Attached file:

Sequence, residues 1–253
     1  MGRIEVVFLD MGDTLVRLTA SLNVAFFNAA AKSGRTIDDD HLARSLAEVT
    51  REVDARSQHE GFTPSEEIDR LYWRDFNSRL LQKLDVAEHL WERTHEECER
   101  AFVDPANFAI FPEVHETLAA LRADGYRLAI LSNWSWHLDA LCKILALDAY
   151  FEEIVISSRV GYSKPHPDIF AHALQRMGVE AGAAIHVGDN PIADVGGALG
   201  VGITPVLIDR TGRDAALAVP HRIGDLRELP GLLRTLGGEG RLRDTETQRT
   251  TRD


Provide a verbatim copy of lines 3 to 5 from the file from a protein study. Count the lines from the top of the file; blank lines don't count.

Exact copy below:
    51  REVDARSQHE GFTPSEEIDR LYWRDFNSRL LQKLDVAEHL WERTHEECER
   101  AFVDPANFAI FPEVHETLAA LRADGYRLAI LSNWSWHLDA LCKILALDAY
   151  FEEIVISSRV GYSKPHPDIF AHALQRMGVE AGAAIHVGDN PIADVGGALG